I'm a Christian, a designer, and a gadget fan who lives in Cheltenham, UK.

This is my blog, a creative outlet to mess around and play with as well as a place that logs my thoughts and inspirations.

Pondering on Google I/O

I’ve been think­ing a lot about the things that Google announced at I/O this week. I feel like I’m stuck in a weird camp of being both fas­ci­nat­ed and ter­ri­fied all at once.
The rate at which Google Assis­tant is devel­op­ing is astound­ing and the idea that they are work­ing towards the com­put­er from Star Trek is real­ly quite cool. They are clear­ly get­ting there quite quick­ly. The video demos of Duplex mak­ing a call on your behalf to make a hair appoint­ment or book a restau­rant is frankly amaz­ing. If those video’s are true (why didn’t they do a live demo?) then they’ve cre­at­ed a com­put­er that can pass the Tur­ing Test and fool a human into think­ing they are talk­ing to anoth­er human. This is one of the things that ter­ri­fies me.
I’ve long been uncom­fort­able with the amount of infor­ma­tion Google can gath­er on peo­ple. Now they are show­ing how a lot of that data has been used to under­stand how humans com­mu­ni­cate in the way they are build­ing Duplex and demon­strat­ing it’s abil­i­ty to mim­ic that. Like­wise with the new auto­com­plete in Gmail that they demon­strat­ed, these things are impres­sive, as is the poten­tial util­i­ty of them.
My strug­gle is that I hate the idea of all this data being col­lect­ed on peo­ple, most­ly with­out them real­is­ing, but at the same time I find that I want to use the new prod­ucts that Google are cre­at­ing with it all. I hate hav­ing to make phone calls to peo­ple I don’t know and the idea that I could just ask a com­put­er to do it for me is great, but, it scares me. Just because we can do that begs the ques­tion should we be doing it? When humans are speak­ing in this man­ner, there’s an inher­ent lev­el of trust that is built. It’s a ver­bal con­tract between two peo­ple, with a com­mit­ment from both to ful­fil it. If a com­put­er takes over this ele­ment on behalf of one of the par­ties, do we erode that trust? How far do we let these com­mu­ni­ca­tions go? If we are not respon­si­ble for mak­ing appoint­ments and book­ings, do they start to become dis­pos­able? Will we become less inclined to keep them, and how will this impact small businesses?

Self Portraits ›

This is a real­ly inter­est­ing post from Col­in Walk­er about what we have effec­tive­ly been doing on social media for the last 10 years. Paint­ing a self por­trait of our­selves over time.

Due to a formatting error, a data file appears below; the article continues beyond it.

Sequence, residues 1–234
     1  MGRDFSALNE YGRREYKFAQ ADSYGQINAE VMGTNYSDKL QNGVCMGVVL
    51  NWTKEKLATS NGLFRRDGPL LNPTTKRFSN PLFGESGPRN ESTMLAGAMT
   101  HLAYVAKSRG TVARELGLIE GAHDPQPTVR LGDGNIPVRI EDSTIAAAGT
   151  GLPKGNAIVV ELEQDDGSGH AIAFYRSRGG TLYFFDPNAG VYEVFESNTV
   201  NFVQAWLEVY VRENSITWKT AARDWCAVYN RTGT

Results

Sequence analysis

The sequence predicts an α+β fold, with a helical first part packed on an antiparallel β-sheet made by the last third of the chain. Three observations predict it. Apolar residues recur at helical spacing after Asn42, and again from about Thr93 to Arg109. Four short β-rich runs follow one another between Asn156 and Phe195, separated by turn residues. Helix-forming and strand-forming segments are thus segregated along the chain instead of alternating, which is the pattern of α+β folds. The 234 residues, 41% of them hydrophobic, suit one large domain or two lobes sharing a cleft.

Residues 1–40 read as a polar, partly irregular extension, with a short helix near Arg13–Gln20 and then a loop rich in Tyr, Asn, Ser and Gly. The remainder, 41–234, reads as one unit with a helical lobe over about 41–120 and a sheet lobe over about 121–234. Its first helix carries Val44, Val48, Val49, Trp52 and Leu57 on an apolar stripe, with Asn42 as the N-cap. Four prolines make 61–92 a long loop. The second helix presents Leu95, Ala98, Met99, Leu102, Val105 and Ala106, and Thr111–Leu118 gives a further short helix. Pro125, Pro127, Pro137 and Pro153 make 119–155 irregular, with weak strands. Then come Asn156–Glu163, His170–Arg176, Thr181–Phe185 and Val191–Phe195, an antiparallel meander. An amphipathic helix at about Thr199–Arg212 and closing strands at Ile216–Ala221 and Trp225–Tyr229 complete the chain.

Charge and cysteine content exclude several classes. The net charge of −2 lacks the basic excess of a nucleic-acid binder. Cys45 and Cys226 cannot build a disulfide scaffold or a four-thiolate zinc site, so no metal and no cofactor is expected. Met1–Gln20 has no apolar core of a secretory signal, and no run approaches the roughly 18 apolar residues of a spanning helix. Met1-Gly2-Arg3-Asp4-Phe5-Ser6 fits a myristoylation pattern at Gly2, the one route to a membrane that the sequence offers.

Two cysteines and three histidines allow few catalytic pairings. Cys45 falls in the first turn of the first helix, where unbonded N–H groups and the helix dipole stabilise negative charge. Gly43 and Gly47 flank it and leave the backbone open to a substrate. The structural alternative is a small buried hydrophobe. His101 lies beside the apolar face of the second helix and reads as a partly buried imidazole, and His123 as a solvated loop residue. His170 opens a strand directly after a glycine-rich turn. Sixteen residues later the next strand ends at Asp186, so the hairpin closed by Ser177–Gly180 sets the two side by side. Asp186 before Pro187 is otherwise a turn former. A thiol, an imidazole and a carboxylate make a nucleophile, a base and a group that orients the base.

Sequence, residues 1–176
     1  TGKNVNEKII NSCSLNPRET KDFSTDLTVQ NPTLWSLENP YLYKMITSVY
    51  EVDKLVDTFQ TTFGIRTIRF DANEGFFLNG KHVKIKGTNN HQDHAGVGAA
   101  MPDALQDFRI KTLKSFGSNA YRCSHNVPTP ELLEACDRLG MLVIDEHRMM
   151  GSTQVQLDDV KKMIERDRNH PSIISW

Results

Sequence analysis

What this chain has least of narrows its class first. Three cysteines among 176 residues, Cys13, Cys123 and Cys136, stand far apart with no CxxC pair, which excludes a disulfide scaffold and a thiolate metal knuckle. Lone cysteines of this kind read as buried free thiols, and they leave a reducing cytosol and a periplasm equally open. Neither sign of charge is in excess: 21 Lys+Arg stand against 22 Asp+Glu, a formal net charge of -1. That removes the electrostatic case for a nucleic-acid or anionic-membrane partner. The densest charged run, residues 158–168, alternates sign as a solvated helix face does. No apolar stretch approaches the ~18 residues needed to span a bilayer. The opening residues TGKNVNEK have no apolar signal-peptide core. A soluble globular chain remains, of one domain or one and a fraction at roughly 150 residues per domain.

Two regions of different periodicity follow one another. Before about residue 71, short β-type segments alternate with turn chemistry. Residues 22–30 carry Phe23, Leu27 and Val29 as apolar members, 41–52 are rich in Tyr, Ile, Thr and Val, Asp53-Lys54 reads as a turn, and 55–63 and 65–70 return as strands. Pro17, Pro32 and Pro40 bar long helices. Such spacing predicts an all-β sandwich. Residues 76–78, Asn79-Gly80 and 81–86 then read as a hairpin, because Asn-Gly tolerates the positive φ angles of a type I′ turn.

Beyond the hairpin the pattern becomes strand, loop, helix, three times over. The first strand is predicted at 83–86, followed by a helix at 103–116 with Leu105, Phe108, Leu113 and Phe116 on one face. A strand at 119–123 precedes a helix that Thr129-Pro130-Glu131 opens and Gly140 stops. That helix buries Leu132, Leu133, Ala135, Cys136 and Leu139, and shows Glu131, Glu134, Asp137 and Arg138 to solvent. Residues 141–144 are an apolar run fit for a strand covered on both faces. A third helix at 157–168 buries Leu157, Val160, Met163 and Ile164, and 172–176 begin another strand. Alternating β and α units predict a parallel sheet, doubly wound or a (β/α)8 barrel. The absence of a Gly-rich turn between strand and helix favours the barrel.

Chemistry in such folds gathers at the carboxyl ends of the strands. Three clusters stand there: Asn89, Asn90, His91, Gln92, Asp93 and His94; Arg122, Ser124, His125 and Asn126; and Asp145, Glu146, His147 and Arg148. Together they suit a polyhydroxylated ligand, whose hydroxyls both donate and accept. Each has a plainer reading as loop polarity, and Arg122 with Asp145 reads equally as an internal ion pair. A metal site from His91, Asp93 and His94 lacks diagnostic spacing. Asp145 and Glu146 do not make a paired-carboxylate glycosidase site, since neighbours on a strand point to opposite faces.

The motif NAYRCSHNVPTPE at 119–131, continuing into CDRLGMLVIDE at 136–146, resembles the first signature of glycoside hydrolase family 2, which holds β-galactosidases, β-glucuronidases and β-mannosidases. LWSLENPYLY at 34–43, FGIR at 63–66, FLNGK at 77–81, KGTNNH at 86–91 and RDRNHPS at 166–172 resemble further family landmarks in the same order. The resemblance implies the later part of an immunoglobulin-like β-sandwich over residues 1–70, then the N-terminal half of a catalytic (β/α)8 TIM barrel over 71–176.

I’ve nev­er thought about it like that before, and when you add in you’re own blog or per­son­al site, it makes for a rich and tex­tured ongo­ing piece. His con­clu­sions at the end of the post are challenging…

We can tell the sto­ries we think oth­er peo­ple want to hear. We can tell skewed sto­ries as we are often not tru­ly hon­est with our­selves. We tell oth­er people’s sto­ries rather than our own, with­out com­ment, with­out opinion.
What use are the wrong sto­ries and are we doing our­selves a dis­ser­vice by telling them? 

I think, that with­out real­is­ing it, over the last few months of try­ing to revi­talise my blog and using Micro.blog I and many oth­ers are try­ing to reclaim our sto­ries and take hold of the paintbrush.
Post­ing to Twit­ter through your own site first changes the focus of the ser­vice entire­ly. We go from being a pas­sive con­sumer, lik­ing, retweet­ing, reply­ing, with the occa­sion­al orig­i­nal post, to an orig­i­nal post being the focus. We are cre­at­ing and adding to our own sto­ry rather than expand­ing and adding to some­one else’s. Of course it’s not wrong to be involved in oth­er people’s lives, we are cre­at­ed to be in com­mu­ni­ty, but by cre­at­ing first the involve­ment turns into a con­ver­sa­tion rather than just turn­ing the vol­ume up for some­one else. There’s a bal­ance to be found.

Everyone in Buenos Aires Is Communicating by Voice Memo Now ›

Real­ly inter­est­ing to hear how dif­fer­ent cul­tures use mes­sag­ing tech­nolo­gies. The UK is much like how the author of this piece speaks about their friends in the US and noth­ing like Argenti­na but voice mes­sages have always intrigued me. I’ve had the abil­i­ty to use them on my iPhone for a while but nev­er do, maybe it’s time to start. Sev­er­al of my best friends live away from me, we chat on the phone from time to time, but mes­sage more often. Maybe this would bridge the gap.